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(Controller Area Network)
Presented by: Alan Bailey
For: EE 587
 Overview
 Data Information
Frame Format
 Protocol
 Error Detection
 Implementations
 Basic CAN
 Full CAN
 Enhanced Full CAN
 Manufacturers
 Diagrams
 CAN (Controller Area Network) is a serial bus
system used to communicate between
several embedded 8-bit and 16-bit
 It was originally designed for use in the
automotive industry but is used today in many
other systems (e.g. home appliances and
industrial machines).
Overview (con’t)
 Highest Baud Rate is 1Mbit.
 CAN uses a message oriented transmission
 There are no defined addresses, just defined
Data Information – Frame Format
SOF – Start of Frame
Identifier – Tells the content of message and priority
RTR – Remote Transmission Request
IDE – Identifier extension (distinguishes between CAN
standard,11 bit identifier, and CAN extended, 29 bit identifier.)
DLC – Data Length Code
Data – holds up to 8 bytes of data
CRC – “Cyclic Redundant Check” sum
ACK – Acknowledge
EOF – End of Frame
IFS – Intermission Frame Space. Minimum number of bits
separating consecutive messages.
Data Information - Protocol
 Messages are
distinguished by
message identifiers.
 The identifier is unique
to the network and
defines the content &
priority of the message.
Data Information – Protocol (con’t)
 When several messages
access the bus at the same
time, the one with the higher
priority “wins”.
 The identifier with the lowest
binary number has the
highest priority.
 The priority are specified
during system design and
cannot be changed
Data Information – Protocol (con’t)
 Access conflicts on the
bus are resolved by a
“wired and” mechanism,
where the dominate state
overwrites the recessive
 All “losers” automatically
become receivers and
they won’t try to send
another message until the
bus becomes available
Data Information – Error detection
 If one or more errors are detected, the transmission
is aborted. This prevents all other stations or nodes
from accepting the message.
 Re-transmission is automatic. If errors continue, then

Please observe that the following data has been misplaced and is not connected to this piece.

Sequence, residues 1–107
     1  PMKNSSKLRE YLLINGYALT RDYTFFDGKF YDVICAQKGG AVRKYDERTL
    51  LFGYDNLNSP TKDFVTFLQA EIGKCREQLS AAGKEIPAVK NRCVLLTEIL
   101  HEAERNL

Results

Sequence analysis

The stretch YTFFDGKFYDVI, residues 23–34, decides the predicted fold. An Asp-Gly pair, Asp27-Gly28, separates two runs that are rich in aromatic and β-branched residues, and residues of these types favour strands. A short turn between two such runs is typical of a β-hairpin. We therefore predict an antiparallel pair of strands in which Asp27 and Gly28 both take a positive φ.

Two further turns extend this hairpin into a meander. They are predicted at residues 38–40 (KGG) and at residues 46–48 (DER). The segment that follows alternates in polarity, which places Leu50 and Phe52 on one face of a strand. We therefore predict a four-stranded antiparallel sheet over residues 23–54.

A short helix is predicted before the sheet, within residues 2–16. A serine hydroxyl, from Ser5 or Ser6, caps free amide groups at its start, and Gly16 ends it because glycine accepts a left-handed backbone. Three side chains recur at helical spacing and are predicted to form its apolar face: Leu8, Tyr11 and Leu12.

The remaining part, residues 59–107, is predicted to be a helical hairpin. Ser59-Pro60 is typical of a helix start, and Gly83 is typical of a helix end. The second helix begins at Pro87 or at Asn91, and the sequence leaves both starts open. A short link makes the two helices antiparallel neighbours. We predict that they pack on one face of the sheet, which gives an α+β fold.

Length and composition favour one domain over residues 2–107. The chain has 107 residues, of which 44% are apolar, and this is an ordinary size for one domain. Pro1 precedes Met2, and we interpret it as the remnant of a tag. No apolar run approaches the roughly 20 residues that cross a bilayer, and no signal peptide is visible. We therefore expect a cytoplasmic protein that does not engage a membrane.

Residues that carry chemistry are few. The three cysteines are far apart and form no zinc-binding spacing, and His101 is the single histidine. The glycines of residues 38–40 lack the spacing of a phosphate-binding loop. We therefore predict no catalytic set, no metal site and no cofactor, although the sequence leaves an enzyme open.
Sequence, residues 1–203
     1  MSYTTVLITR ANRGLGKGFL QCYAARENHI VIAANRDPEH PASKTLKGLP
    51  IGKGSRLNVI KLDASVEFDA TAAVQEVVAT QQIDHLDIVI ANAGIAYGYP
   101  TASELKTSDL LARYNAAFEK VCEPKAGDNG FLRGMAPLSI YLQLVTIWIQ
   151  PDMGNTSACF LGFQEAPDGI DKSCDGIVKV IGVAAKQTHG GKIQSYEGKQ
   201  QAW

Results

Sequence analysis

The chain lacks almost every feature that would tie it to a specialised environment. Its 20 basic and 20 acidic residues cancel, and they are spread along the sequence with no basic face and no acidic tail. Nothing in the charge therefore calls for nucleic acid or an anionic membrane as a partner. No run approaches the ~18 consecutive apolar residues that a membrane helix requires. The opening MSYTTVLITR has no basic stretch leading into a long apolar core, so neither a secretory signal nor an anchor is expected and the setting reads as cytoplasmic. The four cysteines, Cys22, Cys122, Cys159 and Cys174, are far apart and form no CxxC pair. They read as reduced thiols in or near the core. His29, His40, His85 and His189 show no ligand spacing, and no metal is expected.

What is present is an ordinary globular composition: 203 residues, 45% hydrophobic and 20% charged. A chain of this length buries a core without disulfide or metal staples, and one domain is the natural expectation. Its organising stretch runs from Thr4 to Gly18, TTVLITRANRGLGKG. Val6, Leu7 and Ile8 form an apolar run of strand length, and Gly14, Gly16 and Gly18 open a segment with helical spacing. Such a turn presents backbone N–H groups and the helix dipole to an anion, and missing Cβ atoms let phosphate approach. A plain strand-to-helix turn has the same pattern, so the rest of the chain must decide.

the station or node may switch itself off to prevent the
bus from being tied up.
 Error detection is done on two levels:
Message level
Bit level
Data Information – Error detection
 Message Level
CRC = Cyclic Redundant Check sum
Frame Check = compares message to fixed format and
frame size
ACK errors = if transmitter does not receive an ACK
signal from the receivers
 Bit level
Monitoring = The transmitter monitors the bus signal as
it sends the message and compares the bit sent to the
bit received.
Bit Stuffing = After five consecutive equal bits, the
transmitter inserts a stuff bit with a compliment value
into the bit stream. The receivers remove this stuff bit.
 Basic CAN
 Limited number of
receive buffers and
 Can get bogged down
quickly with multiple
Implementation (con’t)
 Full CAN
 Has several message
objects (usually 15)
 Can loose data if
message objects are
setup for multiple filters
 Can still get bogged
down if too many
messages are sent
Implementation (con’t)
 “First In First Out”
receive buffer
 Fixes problem with
multiple consecutive
 Cannot allow a high
priority message to
move to front. It has to
wait its turn
Implementation (con’t)
 Enhanced Full Can
 Dedicated FIFO for
each individual
message object
 Very complicated to
 Less common
 Over 20 different chip manufacturers produce
microcontrollers with on-chip CAN interfaces.
 Some more notable ones are:
Cygnal C8051F040/042 Block Diagram
CAN Controller Diagram
Useful Links
 Manufacturer and Product List
 CAN Information
 CAN (Controller Area Network) is a serial bus system used to
communicate between several embedded 8-bit and 16-bit
 Data Information
 Frame Format
 Protocol – message oriented
 Error Detection
Message level (CRC, frame check, ACK errors)
Bit level (monitoring, bit stuffing)
 Implementations
Basic CAN
 Full CAN
 Enhanced Full CAN
 Over 20 different chip manufacturers produce microcontrollers with
on-chip CAN interfaces including Cygnal, Intel, and Motorala.